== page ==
PATKIN, MAX ("The Clown Prince of Baseball"; 1920–1999), U.S. baseball player and entertainer, known for his goofy antics as a rubber-necked, double-jointed comic genius in a career that spanned 50 years. Born in Philadelphia, Patkin was a minor league pitcher before an arm injury curtailed his career. Patkin then joined the Navy during World War ii, and began clowning around in lopsided games while in the service. One day while stationed in Hawaii in 1944, Joe DiMaggio homered off Patkin, and in mock anger, Patkin threw his glove down and chased DiMaggio around the bases, much to the delight of the fans. Thus a career in show business was born. Patkin, successor to Al *Schacht as the second Clown Prince of Baseball, was hired as a comic coach by Bill Veeck, owner of the Cleveland Indians and later the St. Louis Browns, to boost the attendance of his teams. Patkin also began performing his celebrated slapstick and pantomime routines at minor league games across the U.S., Canada, Puerto Rico, and Mexico. With his rubbery face transformed into dozens of shapes, an oversize nose, a 6ʹ 3ʹʹ rail-thin body inside an oversized uniform – Veeck said that Patkin was put together by someone who couldn't read the instructions very well – a question mark on the back of his uniform in place of a number, and a ballcap that he wore sideways, Patkin was tailor-made for clowning. He became even more famous after he starred as himself in the movie classic Bull Durham (1988). Patkin estimated that he performed more than 4,000 times – never missing a game between 1946 and 1993 – and played to as many as 75,000 fans in Cleveland and as few as four in Great Falls, Montana, on the night Neil Armstrong stepped onto the moon. Patkin retired from clowning on August 19, 1995, and his trademark uniform and cap were donated to the Baseball Hall of Fame. Patkin published his autobiography, The Clown Prince of Baseball, in 1994.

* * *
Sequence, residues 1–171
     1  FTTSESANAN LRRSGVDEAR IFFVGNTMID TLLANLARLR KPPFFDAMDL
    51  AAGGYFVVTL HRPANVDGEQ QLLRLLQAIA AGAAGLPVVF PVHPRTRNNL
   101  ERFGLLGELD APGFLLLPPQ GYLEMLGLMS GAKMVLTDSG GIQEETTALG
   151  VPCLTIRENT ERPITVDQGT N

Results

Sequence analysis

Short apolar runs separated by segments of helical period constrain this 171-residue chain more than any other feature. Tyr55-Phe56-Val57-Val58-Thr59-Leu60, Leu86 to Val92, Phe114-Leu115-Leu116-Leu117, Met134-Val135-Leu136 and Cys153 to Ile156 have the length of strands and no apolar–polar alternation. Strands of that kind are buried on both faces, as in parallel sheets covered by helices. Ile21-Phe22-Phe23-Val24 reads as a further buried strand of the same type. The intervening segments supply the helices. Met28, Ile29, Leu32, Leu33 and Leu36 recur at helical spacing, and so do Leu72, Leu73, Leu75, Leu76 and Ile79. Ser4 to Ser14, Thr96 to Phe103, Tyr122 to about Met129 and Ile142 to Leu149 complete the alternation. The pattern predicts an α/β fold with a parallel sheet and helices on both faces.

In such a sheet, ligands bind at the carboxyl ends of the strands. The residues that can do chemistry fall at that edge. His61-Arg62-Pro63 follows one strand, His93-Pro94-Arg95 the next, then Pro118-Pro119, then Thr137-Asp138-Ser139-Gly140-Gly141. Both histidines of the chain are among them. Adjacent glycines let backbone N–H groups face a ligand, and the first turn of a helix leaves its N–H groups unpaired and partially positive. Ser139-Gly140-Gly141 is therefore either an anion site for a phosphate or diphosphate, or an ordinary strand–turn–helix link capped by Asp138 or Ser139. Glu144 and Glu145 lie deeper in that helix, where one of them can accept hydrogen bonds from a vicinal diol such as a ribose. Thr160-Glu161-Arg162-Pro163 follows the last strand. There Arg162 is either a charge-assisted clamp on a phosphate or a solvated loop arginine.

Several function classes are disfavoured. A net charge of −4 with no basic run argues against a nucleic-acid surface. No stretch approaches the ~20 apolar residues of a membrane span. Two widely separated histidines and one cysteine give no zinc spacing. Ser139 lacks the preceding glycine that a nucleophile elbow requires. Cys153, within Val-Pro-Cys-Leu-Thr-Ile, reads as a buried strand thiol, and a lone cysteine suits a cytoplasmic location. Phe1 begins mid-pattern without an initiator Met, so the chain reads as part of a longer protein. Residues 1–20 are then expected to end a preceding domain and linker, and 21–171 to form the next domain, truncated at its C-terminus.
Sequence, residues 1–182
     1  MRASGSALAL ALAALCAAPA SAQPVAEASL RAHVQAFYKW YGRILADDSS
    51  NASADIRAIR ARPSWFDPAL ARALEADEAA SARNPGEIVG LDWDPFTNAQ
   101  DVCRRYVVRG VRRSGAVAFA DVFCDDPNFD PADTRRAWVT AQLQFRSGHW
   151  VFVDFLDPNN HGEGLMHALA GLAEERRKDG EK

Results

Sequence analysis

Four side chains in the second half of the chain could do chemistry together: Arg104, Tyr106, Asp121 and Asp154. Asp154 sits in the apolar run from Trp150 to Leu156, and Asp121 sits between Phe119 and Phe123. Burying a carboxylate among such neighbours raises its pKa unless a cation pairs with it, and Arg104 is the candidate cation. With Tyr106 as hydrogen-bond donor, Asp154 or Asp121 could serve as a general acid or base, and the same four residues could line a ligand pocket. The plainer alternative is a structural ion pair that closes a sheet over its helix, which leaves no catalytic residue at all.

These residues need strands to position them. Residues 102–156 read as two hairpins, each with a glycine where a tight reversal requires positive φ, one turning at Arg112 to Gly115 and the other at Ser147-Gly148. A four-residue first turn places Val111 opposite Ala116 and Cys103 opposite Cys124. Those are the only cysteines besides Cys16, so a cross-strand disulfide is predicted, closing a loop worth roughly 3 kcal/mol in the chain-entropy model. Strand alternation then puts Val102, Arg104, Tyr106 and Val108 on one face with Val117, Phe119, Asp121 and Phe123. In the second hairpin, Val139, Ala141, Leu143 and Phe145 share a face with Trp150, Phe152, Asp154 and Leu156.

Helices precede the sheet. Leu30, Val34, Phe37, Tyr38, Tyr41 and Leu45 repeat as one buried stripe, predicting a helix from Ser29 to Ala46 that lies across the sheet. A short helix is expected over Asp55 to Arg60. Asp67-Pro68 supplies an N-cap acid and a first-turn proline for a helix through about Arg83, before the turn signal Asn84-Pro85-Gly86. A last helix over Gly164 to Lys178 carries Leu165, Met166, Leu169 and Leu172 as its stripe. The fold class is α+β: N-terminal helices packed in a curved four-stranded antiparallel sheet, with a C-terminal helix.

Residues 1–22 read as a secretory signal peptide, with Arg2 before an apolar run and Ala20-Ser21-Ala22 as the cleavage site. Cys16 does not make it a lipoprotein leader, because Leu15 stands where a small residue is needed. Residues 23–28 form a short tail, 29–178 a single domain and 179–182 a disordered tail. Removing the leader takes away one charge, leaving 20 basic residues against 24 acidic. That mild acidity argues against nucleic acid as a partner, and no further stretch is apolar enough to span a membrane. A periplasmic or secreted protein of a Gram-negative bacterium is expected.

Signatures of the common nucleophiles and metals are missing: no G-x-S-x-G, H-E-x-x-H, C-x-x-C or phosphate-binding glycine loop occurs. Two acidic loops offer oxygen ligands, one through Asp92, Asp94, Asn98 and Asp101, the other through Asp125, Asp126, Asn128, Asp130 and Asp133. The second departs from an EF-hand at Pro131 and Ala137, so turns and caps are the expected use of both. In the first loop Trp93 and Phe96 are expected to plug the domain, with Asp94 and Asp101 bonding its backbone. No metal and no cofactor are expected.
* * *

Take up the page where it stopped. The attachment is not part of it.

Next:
[Elli Wohlgelernter (2nd ed.)]